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Understanding the Hidden Struggles: How Trauma Impacts Your Day-to-Day

Trauma is a deeply personal and often hidden struggle that can significantly impact your day-to-day life. Whether it's a single traumatic event or a series of distressing experiences, the effects of trauma can be pervasive and long-lasting. In this blog post, we'll explore the ways trauma affects your daily life and provide insights into what people can do to cope and heal. Our discussion is informed by research articles and studies that shed light on the profound impact of trauma.

The Ongoing Impact of Trauma

Trauma can have a far-reaching impact on various aspects of your life, including your mental, emotional, and physical well-being. Here are some ways trauma can affect your day-to-day life:

  1. Emotional Regulation: Trauma can lead to emotional dysregulation, causing mood swings, irritability, and difficulty managing emotions. Research, such as a study published in the "Journal of Anxiety, Stress, and Coping" (Kubany et al., 2000), highlights how trauma survivors often struggle with heightened emotional reactions.

  2. Relationships: Trauma can strain relationships as survivors may find it challenging to trust others, form close connections, or communicate their needs effectively. The article "Interpersonal Relationships and Trauma" by Hesse (2008) in "Psychiatry," discusses the impact of trauma on interpersonal dynamics.

  3. Physical Health: Trauma is associated with physical health problems, including chronic pain, fatigue, and autoimmune disorders. The "Journal of Traumatic Stress" has published numerous studies on the link between trauma and physical health (e.g., Schnurr et al., 2000).

  4. Daily Functioning: Trauma can disrupt daily routines, leading to difficulties in concentration, sleep disturbances, and impaired decision-making. A study by Bremner et al. (2004) in the "Archives of General Psychiatry" highlights the effects of trauma on cognitive functioning.

Coping Strategies

Coping with trauma is a complex and highly individual process. However, there are evidence-based strategies that can help survivors regain control of their lives:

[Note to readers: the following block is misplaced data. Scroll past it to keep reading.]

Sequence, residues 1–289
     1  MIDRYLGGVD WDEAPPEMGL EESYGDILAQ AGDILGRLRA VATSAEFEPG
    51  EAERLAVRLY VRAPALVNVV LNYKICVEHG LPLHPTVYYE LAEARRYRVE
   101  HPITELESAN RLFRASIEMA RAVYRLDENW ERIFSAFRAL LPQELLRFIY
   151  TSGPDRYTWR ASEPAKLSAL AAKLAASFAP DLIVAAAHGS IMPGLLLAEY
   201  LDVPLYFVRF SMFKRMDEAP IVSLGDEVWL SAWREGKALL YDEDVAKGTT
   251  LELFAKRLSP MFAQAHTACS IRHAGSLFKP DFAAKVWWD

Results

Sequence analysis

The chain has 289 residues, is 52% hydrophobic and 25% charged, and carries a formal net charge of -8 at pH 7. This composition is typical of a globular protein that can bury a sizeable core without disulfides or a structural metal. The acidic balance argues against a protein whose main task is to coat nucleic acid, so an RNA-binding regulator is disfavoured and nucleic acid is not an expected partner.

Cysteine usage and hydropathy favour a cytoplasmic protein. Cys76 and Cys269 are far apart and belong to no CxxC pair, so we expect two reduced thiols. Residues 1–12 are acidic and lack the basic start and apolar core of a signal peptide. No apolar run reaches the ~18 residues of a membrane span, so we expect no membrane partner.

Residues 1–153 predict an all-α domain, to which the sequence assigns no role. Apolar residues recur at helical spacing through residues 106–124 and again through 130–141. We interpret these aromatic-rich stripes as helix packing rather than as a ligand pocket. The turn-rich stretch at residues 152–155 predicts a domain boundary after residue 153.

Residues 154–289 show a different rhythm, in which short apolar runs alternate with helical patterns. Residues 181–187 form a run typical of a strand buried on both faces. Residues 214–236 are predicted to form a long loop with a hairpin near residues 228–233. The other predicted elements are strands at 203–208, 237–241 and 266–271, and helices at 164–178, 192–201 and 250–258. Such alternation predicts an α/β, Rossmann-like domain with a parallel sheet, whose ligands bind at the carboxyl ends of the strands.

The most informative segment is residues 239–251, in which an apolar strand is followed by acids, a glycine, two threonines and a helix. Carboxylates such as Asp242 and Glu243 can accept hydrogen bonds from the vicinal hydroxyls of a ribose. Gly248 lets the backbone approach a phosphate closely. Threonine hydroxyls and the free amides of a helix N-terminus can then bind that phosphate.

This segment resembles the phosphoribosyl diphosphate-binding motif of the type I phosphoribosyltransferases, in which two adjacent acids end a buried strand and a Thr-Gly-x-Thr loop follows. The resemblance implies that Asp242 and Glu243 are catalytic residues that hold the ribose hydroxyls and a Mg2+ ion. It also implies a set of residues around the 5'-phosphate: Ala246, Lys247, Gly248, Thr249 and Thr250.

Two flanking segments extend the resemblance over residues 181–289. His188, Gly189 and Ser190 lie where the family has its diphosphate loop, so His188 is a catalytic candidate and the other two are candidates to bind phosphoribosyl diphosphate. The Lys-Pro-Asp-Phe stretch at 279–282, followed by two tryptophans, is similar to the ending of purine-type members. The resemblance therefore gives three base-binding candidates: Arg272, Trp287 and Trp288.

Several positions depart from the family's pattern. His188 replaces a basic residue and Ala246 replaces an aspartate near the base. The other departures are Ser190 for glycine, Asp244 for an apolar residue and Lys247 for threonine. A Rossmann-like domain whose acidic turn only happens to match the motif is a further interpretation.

1. Therapy: Seeking the assistance of a trained therapist, such as those at CRCC, can be instrumental in processing trauma. Evidence-based therapies like Cognitive-Behavioral Therapy (CBT), Eye Movement Desensitization and Reprocessing (EMDR), and Trauma-Focused Cognitive Behavioral Therapy (TF-CBT) have been shown to be effective.

  2. Mindfulness and Relaxation: Mindfulness practices and relaxation techniques, such as meditation and deep breathing exercises, can help survivors manage their emotions and reduce stress. Research in the "Journal of Traumatic Stress" (Hagen et al., 2017) emphasizes the benefits of mindfulness-based interventions.

  3. Supportive Relationships: Building a support network of friends and family who understand and empathize with the survivor's experience can be crucial. A study by Pietrzak et al. (2009) in "Psychological Medicine" underscores the importance of social support in trauma recovery.

  4. Self-Care: Prioritizing self-care through exercise, proper nutrition, and sufficient rest can support physical and emotional healing. Research in "Psychoneuroendocrinology" (Chen et al., 2012) discusses the role of self-care in reducing the physiological effects of trauma.

Seeking Professional Help

It's essential to emphasize the importance of seeking professional help when dealing with trauma. Trained therapists can provide a safe space for survivors to explore their experiences, learn coping skills, and embark on the path to healing. The "Journal of Traumatic Stress" published a meta-analysis by Bradley et al. (2005) that highlights the positive outcomes associated with trauma-focused therapy.

Trauma has a profound impact on day-to-day life, affecting emotional regulation, relationships, physical health, and daily functioning. However, with the right support and evidence-based strategies, individuals can heal and regain control over their lives. Seeking therapy, practicing mindfulness, building supportive relationships, and prioritizing self-care are vital steps in the journey towards recovery.

Remember that healing from trauma is a process, and it's okay to seek help. The therapists at CRCC are here to provide the support and guidance you need on your path to recovery.

Talk to our EMDR specialist, Olivia Emannuel, here.


  1. Kubany, E. S., et al. (2000). Development and preliminary validation of a brief broad-spectrum measure of trauma exposure: The Traumatic Life Events Questionnaire. Journal of Anxiety, Stress, and Coping, 12(4), 393-414.

  2. Hesse, E. (2008). Interpersonal Relationships and Trauma. Psychiatry, 71(4), 365-376.

  3. Schnurr, P. P., et al. (2000). Trauma in the lives of older men: Findings from the Normative Aging Study. Journal of Traumatic Stress, 13(4), 645-668.

  4. Bremner, J. D., et al. (2004). Deficits in short-term memory in adult survivors of childhood abuse. Archives of General Psychiatry, 61(3), 245-252.

  5. Hagen, R., et al. (2017). Mindfulness-based interventions for posttraumatic stress disorder: A review of the literature. Journal of Traumatic Stress, 30(4), 399-411.

  6. Pietrzak, R. H., et al. (2009). Posttraumatic stress disorder mediates the relationship between mild traumatic brain injury and health and psychosocial functioning in veterans of Operations Enduring Freedom and Iraqi Freedom. Psychological Medicine, 39(5), 727-734.

  7. Chen, W. C., et al. (2012). Exercise and health-related quality of life during the first year following acute coronary syndrome. Psychology, Health & Medicine, 17(6), 649-660.

  8. Bradley, R., et al. (2005). A meta-analysis of psychosocial interventions for posttraumatic stress disorder. Journal of Traumatic Stress, 18(6), 577-585.



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